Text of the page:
Why then, do most of us limit ourselves to training in air conditioned gyms, and resting 2-3 minutes in between sets?
Look, I get that there's a lot of people competing in powerlifting meets these days. Powerlifting is one of my favorite sports and I competed for a long time.
But powerlifting alone will not prepare you for the known and unknowable obstacles that could put your life or your family's life in jeopardy.
To be properly physically prepared, you need to be training, not only strength, but also general physical preparedness (GPP), and skills.
As veterans, many of us have the tendency to want to save others. This is a noble attribute, but it's also a characteristic that can cause us to shoot ourselves in the foot from time to time.
It creates a doorway for toxic people to enter our lives. As they do, we find ourselves focusing on their problems while our lives fall apart.
In this episode, I give you a strategy for pushing yourself forward, while still taking care of those whom are most important to you. I also discuss the impact of toxic people and how you can take your focus off of them and put it on what's most important.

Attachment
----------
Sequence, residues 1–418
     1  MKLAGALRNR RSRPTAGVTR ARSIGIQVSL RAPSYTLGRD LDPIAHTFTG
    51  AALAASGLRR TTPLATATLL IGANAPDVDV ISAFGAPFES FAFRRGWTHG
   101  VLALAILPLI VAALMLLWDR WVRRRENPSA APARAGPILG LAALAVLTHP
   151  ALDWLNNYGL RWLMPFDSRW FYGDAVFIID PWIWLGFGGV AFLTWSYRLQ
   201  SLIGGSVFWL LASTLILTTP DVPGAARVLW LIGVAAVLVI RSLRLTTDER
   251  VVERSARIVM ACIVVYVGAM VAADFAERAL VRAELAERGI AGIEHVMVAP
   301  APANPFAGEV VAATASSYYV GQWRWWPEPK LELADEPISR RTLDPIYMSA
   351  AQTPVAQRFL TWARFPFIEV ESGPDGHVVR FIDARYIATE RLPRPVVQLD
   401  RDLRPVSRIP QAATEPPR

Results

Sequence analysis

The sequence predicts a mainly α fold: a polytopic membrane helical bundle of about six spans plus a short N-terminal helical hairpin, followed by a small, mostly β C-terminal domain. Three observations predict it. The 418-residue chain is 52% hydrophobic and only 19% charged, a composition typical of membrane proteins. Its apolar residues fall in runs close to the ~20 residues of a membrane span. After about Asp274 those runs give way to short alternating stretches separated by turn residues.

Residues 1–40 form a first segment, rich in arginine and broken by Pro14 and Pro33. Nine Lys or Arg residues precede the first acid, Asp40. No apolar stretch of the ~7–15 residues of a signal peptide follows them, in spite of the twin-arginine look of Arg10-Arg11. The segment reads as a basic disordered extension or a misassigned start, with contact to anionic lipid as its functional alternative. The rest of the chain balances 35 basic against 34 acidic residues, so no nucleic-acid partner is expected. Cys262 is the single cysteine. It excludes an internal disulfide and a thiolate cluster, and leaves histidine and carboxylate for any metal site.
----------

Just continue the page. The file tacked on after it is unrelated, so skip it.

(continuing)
Michael Franzese is a former Capo Regime from the Colombo Crime Family. He is considered the most prolific mobster of all time next to Al Capone. At the height of his mob career, he was earning between eight and ten million dollars a week. In this episode we discuss:
Get Michael's book, I'll Make You An Offer You Can't Refuse : https://amzn.to/2utvvvq
Mike Ergo is a US Marine Corps Veteran, an Ironman Triathlete, and the co-host of the Age Groupies Podcast. He is also a multi-time guest on the Warrior Soul Podcast.
In his post-military life, Mike became a drug addict. For ten years he turned to drugs to numb himself to the memories of the deaths of the Marines and Sailors of the 1st Batallion 8th Marines that he lost in combat.
After finally becoming sober, Mike turned to endurance sports. He found the sport of triathlon and he eventually made his way to Kona for the Ironman Triathlon.
When Mike competes, he's adopted the practice of carrying the name of a fallen service member with him. Additionally, he raises money for gold star families with every race he competes in.
Mike is heading back to Kona this year, and I brought him on to talk about the race and what he's been up to in recent months.
In life, there are good times and bad. You will meet good people, and you will meet horrible people whom you wish you never met.